Josh and I recently had a conversation about his love of QR codes. He has been an advocate for years to include QR codes on the external wrap of trailers. One of the first things we teach new road staff of the mobile experiential firm we work for, is that the job doesn’t stop when the show ends. That trailer is a rolling billboard and you are always representing your client, even at an interstate rest area. This has fueled his passion for the QR code. A quick snap and we can direct the interested party to any platform desired, a micro-site, a blog, or likely a Facebook Page for the particular campaign.
A Facebook page for marketing tours has a great deal of value without putting huge resources into it. This one social media resource can house schedules, tour descriptions, and be a source to push forward other information. We have been a part of numerous businesses to consumer projects that gave away a coupon; a tour’s FB page can also link to that same promotion. Interested consumers are engaged to ask questions and leave comments. By gaining that precious “like” the brand has the opportunity to share elements from other social media outlets on the powerful platform. I can’t tell you how many YouTube videos, Vines, and Instagram photos we have shared on a project’s page. As part of the management team for tours it is my job to seek out these gems. My favorite tool for doing this is hashtag searches. This little device originated as a part of programing and has now become a part of most social media platforms. Brands can use these to draw users together, while users can implement one to make a message reach farther. The hashtag is flexible and accepted on multi-platforms. Unlike a Facebook page that will only reaches users who are subscribed, a hashtag can find consumers outside your network.
While Josh likes a QR code I am a custom hashtag advocate, these multi platform functions gives you so many options. A QR code would be the flexible half of this duo. Our client’s have the option to choose where they want to direct traffic. Whether it is a Facebook page, a Twitter account, or my favorite a Tumblr micro-blog; QR codes put users where a client wants them. While traditional blogs and other micro-blogs have their benefits, Tumblr is designed to blend original content, multi-platform posts, multi-media post, and the all too useful re-blog. When I worked with Smithsonian Institute on a program called Animal Connections we would feed in posts that included the guest veterinarians, a little about them and their clinic. There were also many opportunities to grab the content created by guests to the traveling exhibit via a hashtag search. Like the QR codes posted throughout the exhibit there was also an official hashtag. We could grab images off of Instagram, tweets, and Facebook shares for the Tumblr feed. There was also the option to then let these items auto-roll to the Facebook page. The actual Smithsonian micro-site for the program featured a feeder of the Tumblr page. This platform allowed us to add real-time content like you would with Twitter but unlike Twitter the re-blog life is much longer. When we are in the program development phase of a tour these are always elements we work out. Hashtags and QR codes while very different search functions both can build and direct consumers. The QR code puts them on the right path while the hashtag opens a whole new one.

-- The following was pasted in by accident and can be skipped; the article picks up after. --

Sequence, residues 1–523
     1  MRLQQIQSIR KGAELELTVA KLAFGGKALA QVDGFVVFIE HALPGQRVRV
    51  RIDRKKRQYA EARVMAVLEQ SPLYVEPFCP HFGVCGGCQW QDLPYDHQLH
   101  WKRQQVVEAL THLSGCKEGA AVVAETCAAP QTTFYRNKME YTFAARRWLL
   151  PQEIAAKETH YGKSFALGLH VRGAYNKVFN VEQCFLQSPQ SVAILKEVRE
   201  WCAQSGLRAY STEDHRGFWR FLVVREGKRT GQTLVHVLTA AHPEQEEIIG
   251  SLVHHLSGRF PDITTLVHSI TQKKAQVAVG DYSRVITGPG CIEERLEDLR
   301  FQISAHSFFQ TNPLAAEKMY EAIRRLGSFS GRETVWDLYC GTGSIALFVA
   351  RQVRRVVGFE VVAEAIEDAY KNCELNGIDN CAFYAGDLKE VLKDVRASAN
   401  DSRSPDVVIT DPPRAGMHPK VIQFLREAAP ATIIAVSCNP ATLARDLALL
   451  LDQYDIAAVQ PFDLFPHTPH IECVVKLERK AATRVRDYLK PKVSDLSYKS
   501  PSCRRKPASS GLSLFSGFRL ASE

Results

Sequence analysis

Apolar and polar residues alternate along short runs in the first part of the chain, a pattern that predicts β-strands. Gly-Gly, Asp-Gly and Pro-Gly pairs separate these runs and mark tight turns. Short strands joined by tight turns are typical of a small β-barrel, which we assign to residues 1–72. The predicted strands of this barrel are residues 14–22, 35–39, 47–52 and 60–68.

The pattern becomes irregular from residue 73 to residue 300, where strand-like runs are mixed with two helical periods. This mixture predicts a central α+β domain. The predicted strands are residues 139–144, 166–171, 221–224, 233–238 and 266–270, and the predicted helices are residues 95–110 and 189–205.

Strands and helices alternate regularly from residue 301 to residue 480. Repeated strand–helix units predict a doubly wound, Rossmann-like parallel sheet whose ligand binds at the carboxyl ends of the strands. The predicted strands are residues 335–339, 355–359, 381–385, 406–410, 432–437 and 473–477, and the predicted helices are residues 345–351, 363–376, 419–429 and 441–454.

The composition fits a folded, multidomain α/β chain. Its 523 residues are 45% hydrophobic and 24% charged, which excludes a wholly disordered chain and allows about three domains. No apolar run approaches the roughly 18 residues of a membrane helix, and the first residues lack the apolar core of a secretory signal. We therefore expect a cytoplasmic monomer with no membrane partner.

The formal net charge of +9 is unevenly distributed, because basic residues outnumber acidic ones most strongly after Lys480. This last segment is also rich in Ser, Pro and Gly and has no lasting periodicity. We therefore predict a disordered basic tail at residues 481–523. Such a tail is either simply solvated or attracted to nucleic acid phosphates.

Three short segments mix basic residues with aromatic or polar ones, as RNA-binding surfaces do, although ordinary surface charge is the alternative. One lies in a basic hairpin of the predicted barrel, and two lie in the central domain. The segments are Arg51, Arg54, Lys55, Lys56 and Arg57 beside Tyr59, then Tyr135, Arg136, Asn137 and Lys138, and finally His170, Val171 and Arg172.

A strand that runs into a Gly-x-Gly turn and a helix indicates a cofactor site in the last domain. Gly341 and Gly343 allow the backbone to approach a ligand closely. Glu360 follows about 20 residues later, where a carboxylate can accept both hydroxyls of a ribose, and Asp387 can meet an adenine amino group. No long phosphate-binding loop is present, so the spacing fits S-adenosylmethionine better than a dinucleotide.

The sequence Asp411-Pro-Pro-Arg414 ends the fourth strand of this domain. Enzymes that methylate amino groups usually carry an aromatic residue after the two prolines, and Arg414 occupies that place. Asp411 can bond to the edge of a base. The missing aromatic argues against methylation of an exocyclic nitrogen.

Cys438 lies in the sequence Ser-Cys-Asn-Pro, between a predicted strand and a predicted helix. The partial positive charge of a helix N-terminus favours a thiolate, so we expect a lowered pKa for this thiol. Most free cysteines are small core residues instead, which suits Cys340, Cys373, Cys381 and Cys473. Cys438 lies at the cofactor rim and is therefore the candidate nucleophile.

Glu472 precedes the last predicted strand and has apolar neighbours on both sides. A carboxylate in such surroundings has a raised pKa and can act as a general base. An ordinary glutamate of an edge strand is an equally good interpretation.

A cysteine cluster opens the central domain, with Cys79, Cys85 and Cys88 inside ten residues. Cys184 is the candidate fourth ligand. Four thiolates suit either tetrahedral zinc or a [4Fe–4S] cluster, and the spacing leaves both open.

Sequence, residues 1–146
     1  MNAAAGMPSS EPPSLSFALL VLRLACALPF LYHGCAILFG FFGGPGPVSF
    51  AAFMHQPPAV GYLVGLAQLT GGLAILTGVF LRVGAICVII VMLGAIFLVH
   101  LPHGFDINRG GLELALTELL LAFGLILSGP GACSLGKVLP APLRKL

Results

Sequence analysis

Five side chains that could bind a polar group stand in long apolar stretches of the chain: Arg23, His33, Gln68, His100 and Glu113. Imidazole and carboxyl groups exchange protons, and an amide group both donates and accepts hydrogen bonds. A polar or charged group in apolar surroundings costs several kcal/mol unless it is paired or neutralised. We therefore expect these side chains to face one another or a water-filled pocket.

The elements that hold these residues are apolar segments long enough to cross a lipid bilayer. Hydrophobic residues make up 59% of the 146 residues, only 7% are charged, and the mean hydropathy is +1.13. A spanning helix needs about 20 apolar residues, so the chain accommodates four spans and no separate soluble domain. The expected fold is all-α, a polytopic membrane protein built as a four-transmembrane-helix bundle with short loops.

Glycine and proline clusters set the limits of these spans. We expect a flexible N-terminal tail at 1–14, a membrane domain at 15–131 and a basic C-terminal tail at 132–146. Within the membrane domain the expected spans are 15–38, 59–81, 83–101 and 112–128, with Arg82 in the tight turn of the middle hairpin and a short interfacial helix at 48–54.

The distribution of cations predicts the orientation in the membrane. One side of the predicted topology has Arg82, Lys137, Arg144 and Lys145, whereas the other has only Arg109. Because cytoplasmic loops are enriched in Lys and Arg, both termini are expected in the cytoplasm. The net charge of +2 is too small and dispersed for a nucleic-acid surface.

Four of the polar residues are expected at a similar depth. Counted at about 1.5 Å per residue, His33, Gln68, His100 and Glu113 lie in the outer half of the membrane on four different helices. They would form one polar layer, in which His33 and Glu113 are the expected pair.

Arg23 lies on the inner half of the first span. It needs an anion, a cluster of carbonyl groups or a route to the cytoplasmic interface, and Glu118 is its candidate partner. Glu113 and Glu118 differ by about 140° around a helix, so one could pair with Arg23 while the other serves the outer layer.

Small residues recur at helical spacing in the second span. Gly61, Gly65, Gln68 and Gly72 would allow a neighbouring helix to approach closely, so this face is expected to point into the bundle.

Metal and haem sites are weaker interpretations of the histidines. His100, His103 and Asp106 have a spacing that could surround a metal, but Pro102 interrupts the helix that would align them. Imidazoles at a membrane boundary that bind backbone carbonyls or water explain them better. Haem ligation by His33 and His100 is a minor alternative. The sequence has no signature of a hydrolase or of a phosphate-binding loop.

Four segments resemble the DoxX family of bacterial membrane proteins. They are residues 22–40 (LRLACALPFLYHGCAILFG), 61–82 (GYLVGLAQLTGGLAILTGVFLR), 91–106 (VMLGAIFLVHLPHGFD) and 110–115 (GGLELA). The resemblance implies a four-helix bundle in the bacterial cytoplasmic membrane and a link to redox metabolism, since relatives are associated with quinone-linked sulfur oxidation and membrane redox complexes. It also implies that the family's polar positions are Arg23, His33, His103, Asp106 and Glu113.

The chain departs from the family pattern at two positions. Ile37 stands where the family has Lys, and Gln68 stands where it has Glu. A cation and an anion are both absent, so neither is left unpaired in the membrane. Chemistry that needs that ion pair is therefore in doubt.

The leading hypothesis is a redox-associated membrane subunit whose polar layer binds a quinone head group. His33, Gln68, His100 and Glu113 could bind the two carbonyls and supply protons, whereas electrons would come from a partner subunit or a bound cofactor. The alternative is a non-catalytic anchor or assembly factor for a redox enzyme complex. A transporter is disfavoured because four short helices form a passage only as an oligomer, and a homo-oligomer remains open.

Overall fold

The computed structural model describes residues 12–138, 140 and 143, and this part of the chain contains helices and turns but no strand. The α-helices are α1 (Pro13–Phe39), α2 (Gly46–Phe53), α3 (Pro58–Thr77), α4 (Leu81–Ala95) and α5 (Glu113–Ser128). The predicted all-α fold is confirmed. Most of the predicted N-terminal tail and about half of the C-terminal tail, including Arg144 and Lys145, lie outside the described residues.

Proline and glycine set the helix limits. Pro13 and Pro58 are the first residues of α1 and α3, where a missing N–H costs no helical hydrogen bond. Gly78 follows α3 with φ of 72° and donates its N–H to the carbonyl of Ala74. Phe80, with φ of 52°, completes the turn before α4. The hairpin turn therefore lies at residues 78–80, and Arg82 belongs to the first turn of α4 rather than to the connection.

**For my regular readers this post has a slightly different format, as it is part of my coarse work for SNHU.
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Great post! I like both hashtags and QR codes, therefore I am right in the middle. Hashtags are great when you want a quick way to look something up while QR codes all you to go directly to a specific website. There are times that I setup QR codes that can be placed on someones business card. When scanned, the v card is automatically downloaded into their phone address book.
We have debated adding a QR to our cards for a years. I want a cleaner look with the little social media “buttons” but Josh thinks a QR to a page with redirect links might be better.